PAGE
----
Greengirls Helen Yarmoska, Nicole Hvidsten, Martha Buns, Connie Nelson and Kim Palmer are dishin' the dirt from the back-yard garden and beyond. Whether you're a greenthumb or greenhorn, they're eager to learn from your mishaps, mistakes - and most importantly, your sweet successes - all growing season long.
This spring I noticed an attractive little stranger in the garden. The leaves looked kind of cool, so I let it grow.
Last week, the now-tall stranger bloomed. The emerging lavender flowers had the delicious spicy smell of stocks, which I had tried to grow a couple of times without much luck. Could this be some weird seedling from those plants?
When I got on the Internet, I realized I had something totally different: Hesperis matronalis, better known as dame’s rocket. As my plant grew taller — this morning it was a sturdy four feet tall — the tight ball of fragrant flowers grew spiky and loose, and I recognized my dame’s rocket as the same plant I see growing in ditches and in glades along West River Parkway along the Mississippi River.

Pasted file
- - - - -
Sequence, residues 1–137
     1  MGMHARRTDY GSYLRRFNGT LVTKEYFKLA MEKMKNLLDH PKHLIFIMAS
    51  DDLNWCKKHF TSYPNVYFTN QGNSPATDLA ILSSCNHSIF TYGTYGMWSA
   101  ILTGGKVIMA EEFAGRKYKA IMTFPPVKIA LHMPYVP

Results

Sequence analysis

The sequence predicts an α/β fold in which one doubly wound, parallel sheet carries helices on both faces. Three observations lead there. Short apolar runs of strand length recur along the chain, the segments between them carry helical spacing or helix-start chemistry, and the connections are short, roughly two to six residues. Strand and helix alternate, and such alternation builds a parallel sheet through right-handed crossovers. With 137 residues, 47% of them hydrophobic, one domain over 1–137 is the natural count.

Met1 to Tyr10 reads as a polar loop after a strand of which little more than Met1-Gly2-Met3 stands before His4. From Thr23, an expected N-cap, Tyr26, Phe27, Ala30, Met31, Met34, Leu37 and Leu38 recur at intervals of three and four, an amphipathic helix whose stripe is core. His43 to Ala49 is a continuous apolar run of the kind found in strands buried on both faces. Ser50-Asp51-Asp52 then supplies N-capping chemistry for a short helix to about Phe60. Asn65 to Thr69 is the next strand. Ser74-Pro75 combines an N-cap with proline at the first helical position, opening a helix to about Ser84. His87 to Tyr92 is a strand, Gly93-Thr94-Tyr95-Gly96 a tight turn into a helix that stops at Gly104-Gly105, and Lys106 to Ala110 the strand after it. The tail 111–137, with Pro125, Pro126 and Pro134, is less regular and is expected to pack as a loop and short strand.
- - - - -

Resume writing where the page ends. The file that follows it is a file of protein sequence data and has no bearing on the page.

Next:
Dame’s rocket is in the same plant family as garlic mustard, one of the most noxious weeds in the Twin Cities area. My beautiful visitor is banned or listed as a noxious weed in Colorado, Connecticut and Massachusetts, and in Michigan people who remove garlic mustard from the landscape are encouraged to take its cousin, too.
Here’s some more information about dame’s rocket: http://www.nps.gov/plants/alien/pubs/midatlantic/hema.htm. While it resembles wild phlox, it can be identified by its four-petalled flowers.
After I took this picture, I reluctantly pulled the plant up. It is very shallow-rooted, but dame’s rocket prolifically spreads through seeds, and I didn’t want my plant to populate my perennial garden.
I will be curious to see if dame’s rocket is eventually added to Minnesota’s list of noxious weeds.
Have you found visitors in your garden that turned out to be thugs instead of friends? This weekend another master gardener told me she lets dame’s rocket grow in her boulevard garden where it thrives in a hostile space. One gardener’s enemy is another gardener’s friend! Here’s a nice column on that issue: http://www.nytimes.com/2008/06/12/garden/12qna.html.
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